Intussusception occurs when a proximal segment of the bowel telescopes into an adjacent distal segment. It is one of the most common abdominal emergencies in children but is rare in adults. Intussusception commonly occurs near the ileocecal junction, where the intussusceptum telescopes into the intussuscipiens, dragging the associated mesentery with it. This leads to the development of venous and lymphatic congestion with resulting intestinal edema, which can ultimately lead to ischemia, perforation, and peritonitis. Rarely, the proximal bowel is drawn into the lumen of the distal bowel (retrograde intussusception); this phenomenon is seen in Roux-en-Y gastric bypass surgery. The majority of cases in children are idiopathic, although evidence points to a preceding viral infection triggering the intussusception in some of these cases. On the other hand, adults usually have a distinct underlying pathologic lead point, which can be malignant in half of cases. Intermittent abdominal pain is the most common presentation in both children and adults. Symptoms progress over time and are accompanied by nausea and vomiting. In children, a sausage- shaped abdominal mass may be felt in the right side of the abdomen accompanied by the “currant jelly” stool mixed with blood and mucous.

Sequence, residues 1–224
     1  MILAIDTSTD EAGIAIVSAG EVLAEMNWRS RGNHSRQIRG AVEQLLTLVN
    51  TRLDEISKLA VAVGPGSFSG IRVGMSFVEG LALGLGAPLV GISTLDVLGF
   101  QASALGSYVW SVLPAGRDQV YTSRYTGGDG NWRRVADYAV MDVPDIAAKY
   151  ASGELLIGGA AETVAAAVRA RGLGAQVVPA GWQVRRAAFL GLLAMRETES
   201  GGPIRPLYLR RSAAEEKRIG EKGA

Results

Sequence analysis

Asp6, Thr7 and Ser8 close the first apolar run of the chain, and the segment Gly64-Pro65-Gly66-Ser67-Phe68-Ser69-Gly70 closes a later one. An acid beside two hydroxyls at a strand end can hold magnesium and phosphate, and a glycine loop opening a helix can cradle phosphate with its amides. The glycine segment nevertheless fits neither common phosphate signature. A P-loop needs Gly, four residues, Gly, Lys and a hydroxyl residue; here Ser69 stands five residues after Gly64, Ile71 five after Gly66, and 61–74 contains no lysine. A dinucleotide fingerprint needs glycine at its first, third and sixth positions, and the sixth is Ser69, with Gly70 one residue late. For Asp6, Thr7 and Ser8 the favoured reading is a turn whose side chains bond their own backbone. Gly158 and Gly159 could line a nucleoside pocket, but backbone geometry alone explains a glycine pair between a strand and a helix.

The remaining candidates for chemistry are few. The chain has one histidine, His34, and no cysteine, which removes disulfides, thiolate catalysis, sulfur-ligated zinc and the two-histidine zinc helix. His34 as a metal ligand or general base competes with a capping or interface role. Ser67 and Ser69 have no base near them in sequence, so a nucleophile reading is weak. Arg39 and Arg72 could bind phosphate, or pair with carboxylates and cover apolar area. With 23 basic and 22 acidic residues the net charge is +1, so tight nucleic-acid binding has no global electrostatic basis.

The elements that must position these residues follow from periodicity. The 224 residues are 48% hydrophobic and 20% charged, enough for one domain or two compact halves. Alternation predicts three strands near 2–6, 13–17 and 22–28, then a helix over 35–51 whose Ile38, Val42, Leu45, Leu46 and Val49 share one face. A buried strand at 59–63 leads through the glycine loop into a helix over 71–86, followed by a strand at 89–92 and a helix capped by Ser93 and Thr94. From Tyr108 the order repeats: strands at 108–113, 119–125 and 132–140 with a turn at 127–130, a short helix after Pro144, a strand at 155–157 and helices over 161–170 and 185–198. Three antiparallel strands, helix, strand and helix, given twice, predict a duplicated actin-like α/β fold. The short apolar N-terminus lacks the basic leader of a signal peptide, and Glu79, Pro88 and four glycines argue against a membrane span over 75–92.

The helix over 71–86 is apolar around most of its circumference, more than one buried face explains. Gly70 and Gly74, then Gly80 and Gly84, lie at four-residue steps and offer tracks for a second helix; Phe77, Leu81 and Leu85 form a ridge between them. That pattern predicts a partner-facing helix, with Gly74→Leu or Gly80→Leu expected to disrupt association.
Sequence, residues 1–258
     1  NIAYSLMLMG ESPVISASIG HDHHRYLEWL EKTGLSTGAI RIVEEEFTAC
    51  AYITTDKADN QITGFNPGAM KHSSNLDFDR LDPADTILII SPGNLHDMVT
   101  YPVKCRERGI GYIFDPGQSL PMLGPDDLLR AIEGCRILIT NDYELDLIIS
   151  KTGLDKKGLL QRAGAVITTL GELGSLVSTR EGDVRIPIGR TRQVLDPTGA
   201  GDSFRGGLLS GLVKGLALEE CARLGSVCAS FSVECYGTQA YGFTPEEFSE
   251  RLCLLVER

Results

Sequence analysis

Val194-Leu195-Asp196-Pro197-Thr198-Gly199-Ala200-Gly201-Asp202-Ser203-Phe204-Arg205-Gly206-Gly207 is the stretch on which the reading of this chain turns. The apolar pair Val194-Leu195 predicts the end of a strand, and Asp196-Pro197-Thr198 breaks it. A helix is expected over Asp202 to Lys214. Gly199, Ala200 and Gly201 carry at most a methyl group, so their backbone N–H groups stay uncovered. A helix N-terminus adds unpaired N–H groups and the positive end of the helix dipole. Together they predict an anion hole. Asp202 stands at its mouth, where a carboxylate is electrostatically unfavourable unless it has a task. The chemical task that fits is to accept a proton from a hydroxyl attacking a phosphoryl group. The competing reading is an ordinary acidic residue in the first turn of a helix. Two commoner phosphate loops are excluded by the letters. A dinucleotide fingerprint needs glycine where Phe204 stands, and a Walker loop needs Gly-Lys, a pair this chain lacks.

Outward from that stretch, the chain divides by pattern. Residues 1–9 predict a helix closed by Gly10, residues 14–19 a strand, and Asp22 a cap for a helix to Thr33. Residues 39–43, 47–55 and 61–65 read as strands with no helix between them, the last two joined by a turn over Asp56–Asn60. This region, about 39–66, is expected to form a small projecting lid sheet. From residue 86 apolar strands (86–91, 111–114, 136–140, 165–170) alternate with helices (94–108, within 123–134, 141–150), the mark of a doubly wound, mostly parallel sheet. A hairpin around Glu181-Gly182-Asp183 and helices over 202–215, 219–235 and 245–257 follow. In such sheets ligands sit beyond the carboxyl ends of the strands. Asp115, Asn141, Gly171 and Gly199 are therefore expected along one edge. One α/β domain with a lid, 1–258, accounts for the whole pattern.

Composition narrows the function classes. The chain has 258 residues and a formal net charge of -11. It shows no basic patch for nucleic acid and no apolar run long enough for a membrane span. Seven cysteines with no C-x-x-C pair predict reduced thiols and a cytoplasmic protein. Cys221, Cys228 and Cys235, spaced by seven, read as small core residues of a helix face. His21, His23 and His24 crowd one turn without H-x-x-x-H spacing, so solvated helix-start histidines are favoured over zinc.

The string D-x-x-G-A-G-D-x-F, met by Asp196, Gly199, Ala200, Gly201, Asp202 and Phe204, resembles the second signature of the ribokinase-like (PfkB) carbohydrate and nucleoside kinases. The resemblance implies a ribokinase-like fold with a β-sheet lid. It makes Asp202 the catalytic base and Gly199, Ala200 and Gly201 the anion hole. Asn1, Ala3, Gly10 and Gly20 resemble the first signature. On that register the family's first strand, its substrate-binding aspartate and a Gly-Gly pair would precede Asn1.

An intussusception is sometimes discovered incidentally during an imaging study performed for other reasons or for nonspecific symptoms. If these intussusceptions are short and if the patient has few symptoms, intervention may not be required.
Ultrasonography is the method of choice for detecting intussusception in children and can demonstrate layers within the intestine (target sign). Plain abdominal x-rays are less sensitive and are used to exclude other causes and confirm the presence of small bowel obstruction. In adults, CT scanning is the investigation of choice, on which the target sign is also seen.
The treatment approach differs in pediatric and adult populations. In stable children with no signs of bowel perforation, nonoperative reduction using either hydro- static or pneumatic enema is preferred to surgery. With this approach, the recurrence rate reaches 10%. In adults, surgical resection of the involved segment is recommended. Pathologic evaluation is needed to rule out underlying malignant disease.